He (Walter) wished to go as a missionary to India, but one of the professors to the theological seminary objected to his 'liberal' views on the Old Testament, and the Baptist Board refused to appoint him.
He holds a high regard on (John) Ruskin (1819-1900) whom he described as the most christlike tinker in all literature.
He (framed the theology of the social gospel) in the context of the Kingdom of God, namely: 1) The kingdom of God was a social hope for Jesus...which involved not only a redemption of individuals, but also a redemption of society; 2) Jesus repudiated the idea of bloodshed and violence as a means of ushering in the Kingdom; 3) He taught that it would come by organic growth rather than by divine catastrophe; 4) He made it not a Jewish but a universal Kingdom; and 5) He taught that it was a present reality, and not merely a future hope.
[Water's] main departure from the traditional formulation was in its center of gravity, its organizing principle. Not justification by faith as in the Lutheran theology, and not the sovereignty of God as in the Reformed theology, but the kingdom of God was the center to which all else must be related.
Christianity stresses both - salvation for the little personality of man and for the great collective personality of mankind.
According to Walter, the underlying causes of present crisis were the industrial revolution, the rise of capitalism, and the private ownership of land.
Christianity and the Social Crisis ... was written "with the learning of the scholar, the vision of the poet, and the passion of the prophet.
As he meditated on the life problems of the people, he wrote many of the prayers on railway trains.
Let the church of Christ fling in, not the sword, but the cross, not against the weak, but for them.
He says, "Create a ganglion of redeemed personalities in a commonwealth and all things become possible."
The traditional theology is inclined to emphasize the "Fall" of our first parents and to neglect the contribution which our more recent forefathers have made to the sin and misery of mankind.
Salvation is not complete unless it commits a man to the ideals of the Kingdom, unless in some germinal and rudimentary form he has turned from a life centered on self toward a life going out toward God and his purpose for mankind. Conversion has usually been conceived as a break with our sinful past, but in many cases it is also a break with the sinful past of a social group.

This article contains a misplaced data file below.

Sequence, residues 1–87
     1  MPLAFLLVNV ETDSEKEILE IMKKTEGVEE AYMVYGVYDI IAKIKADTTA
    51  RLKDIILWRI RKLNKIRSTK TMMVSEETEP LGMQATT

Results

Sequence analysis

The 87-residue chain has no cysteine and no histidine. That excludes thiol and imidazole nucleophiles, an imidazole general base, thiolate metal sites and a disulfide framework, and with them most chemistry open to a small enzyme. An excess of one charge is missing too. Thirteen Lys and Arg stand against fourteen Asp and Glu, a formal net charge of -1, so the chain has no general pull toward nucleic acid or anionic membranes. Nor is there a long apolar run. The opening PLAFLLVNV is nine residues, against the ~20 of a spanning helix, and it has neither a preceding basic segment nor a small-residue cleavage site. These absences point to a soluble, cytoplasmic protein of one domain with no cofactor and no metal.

Sin ruins, righteousness establishes, and love consolidates.
An outlook toward the future in which the spiritual life is saved and the economic life is left unsaved is both unchristian and stupid.
Belief in a future life is not essential to religious faith.
He endeavored to answer three questions: 1) How did Jesus bear sins which he did not commit? Answer: he bore the weight and suffered the consequences of public sins...2) How did Christ's death affect God? Answer: Christ has begun to lift men to a new basis of spiritual existence...; 3) How does Christ's death affect man? Answer: among many, 1) it [demonstrates] the power of sin in humanity; 2) [power of] love... 3) ...inspires Christ's followers to carry on the work which he has begun.
Comments: in my opinion what Walter advocates is found all in the believers' fellowship as seen in Acts 2:42-47, 1 John 1:1-11, Revelation 4; and the (social meaning of the) Lord's prayer, "Our Father in heaven, hallowed be your name, your kingdom come, your will be done here on earth as it is in heaven, give us our daily bread, forgive us of our sins as we have forgiven our debtors, lead us not into temptation but deliver us from evil."